Tuesday, February 8, 2011

Facing fear for charity (Whittlesea Leader, 08 Feb 2011, Page 7)

Facing fear for charity

Whittlesea Leader
08 Feb 2011

MILL Park mother of four Karina Caton is no fan of heights. But when it comes to her children, especially her two-year-old daughter Sarah, who was born without a pancreas, she is willing to drop from the sky at an altitude of 3000m. On March 3, Mrs...read more...

Wednesday, December 1, 2010

Conquering Fears One At A Time

I sit here today looking back over the last 2 years. I know some people believe that dates dont mean anything but to me they mean alot. For me the symbolise fears and acheivements.

As I sit here right now and think were we were 2 years ago. I was sitting with Johm Mills being told my baby was very very sick. She was 3 days old already and I hadnt even held her, she was being kept alive by a breathing machine and her life held on by a thread.

I was able to place Michael's wedding ring over her tiny hands, her very first bangle. Stop for a moment and take a look at your husbands wedding band and then imagine placing it over the wrist of your newborn baby.

I look back to this day and part of me wants to go back, because while yes we had a premature baby and a very sick premature baby, we had a premature baby with all her organs, she would grow and she would fight and we would soon bring her home and life would go on.

But part of me wouldnt go back. I love Sarah with all my heart and have accepted her for who she is, a very special little girl who has touched the hearts of many.

I feel blessed to be the Mum of this little girl who has had to learn to live in our world and I have had to learn to live in her world, and its been a challange.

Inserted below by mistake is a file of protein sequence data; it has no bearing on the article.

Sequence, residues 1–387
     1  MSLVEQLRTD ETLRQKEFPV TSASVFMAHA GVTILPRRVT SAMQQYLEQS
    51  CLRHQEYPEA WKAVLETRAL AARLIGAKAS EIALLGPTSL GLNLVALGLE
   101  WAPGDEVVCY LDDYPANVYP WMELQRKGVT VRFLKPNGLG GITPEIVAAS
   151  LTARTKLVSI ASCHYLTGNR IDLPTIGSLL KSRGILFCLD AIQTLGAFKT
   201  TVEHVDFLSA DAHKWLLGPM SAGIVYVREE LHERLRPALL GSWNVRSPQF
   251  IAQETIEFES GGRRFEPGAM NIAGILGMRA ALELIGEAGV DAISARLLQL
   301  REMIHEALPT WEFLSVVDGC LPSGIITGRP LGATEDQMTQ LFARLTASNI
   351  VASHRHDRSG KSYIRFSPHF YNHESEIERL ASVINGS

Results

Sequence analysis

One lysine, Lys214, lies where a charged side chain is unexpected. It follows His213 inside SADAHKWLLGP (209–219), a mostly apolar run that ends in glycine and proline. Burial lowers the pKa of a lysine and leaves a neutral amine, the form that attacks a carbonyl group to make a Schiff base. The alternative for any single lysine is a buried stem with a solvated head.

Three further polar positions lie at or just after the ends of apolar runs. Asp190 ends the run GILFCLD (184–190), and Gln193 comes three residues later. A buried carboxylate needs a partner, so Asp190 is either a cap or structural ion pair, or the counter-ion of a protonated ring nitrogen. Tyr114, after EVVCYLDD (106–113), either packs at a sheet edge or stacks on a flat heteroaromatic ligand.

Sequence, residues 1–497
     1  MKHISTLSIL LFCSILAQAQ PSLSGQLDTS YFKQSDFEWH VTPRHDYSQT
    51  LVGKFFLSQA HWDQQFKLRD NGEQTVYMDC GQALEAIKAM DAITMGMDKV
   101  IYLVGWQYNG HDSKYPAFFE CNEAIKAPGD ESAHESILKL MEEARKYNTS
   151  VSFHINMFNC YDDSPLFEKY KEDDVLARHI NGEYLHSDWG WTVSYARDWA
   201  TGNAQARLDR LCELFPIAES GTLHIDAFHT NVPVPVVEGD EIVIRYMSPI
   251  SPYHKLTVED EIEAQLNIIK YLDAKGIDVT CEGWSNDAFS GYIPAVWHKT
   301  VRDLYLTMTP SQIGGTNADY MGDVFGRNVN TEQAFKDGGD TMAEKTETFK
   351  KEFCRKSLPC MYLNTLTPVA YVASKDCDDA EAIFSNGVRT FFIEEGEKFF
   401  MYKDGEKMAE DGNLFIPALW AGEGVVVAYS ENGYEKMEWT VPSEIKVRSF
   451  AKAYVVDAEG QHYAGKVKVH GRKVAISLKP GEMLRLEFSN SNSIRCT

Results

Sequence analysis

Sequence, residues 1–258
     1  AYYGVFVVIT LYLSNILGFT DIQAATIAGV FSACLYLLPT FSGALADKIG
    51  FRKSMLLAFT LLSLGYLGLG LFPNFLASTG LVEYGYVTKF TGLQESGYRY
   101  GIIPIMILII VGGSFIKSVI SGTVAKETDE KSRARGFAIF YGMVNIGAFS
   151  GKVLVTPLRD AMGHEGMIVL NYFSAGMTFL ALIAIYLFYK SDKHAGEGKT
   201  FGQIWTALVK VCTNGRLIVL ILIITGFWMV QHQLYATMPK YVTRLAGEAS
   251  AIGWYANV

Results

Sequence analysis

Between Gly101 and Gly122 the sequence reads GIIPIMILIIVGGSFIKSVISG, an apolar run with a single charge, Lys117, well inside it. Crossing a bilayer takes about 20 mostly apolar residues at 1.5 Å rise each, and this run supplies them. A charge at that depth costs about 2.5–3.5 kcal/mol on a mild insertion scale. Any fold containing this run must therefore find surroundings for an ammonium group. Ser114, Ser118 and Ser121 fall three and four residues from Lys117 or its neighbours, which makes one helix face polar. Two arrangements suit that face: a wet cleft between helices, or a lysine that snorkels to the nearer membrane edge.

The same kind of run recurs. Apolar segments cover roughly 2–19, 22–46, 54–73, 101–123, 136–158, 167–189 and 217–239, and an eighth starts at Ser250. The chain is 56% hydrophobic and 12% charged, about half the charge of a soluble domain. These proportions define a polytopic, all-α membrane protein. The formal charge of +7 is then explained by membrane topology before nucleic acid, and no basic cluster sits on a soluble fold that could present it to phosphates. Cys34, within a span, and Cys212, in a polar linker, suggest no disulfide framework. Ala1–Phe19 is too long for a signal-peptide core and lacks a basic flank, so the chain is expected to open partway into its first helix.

We had an issue with her Insulin pump yesterday in where it completly malfuctioned, Id been checking her blood sugars all day and they were fine, until the afternoon where they shot up and then I checked her ketones and they were 6.7, which is an incredibly dangerous level. She had been awefully grumpy and no wonder why, but I had no idea her pump had malfuctioned.

I froze. Id never seen Ketones so high. So I called the hospital and I gave her an injection of insulin. I sit here waiting for a replacement pump which should arrive tomorrow, and in the meantime we are giving insulin by injection every 4 hours.

One of the worst things about Sarah is the unknown and nightime is incredibly hard. We do not know why Sarah has seizures but they often come at night.

This morning when Sarah woke she was acting very funny. I immediate thoughts went to low BGL and as I checked that it was HI, so it wasnt a hypo, but just as quick as the episode happened it was over and it registers that it was a seizure.

None of the other children with Pancreatic Agenesis suffer from seizures so we are unsure why Sarah does, and we are very much struggling with our decision to start her on Anti-Seizure medication. We know by starting it we are protecting her brain, but in exchange for that we are sacrificing her Liver.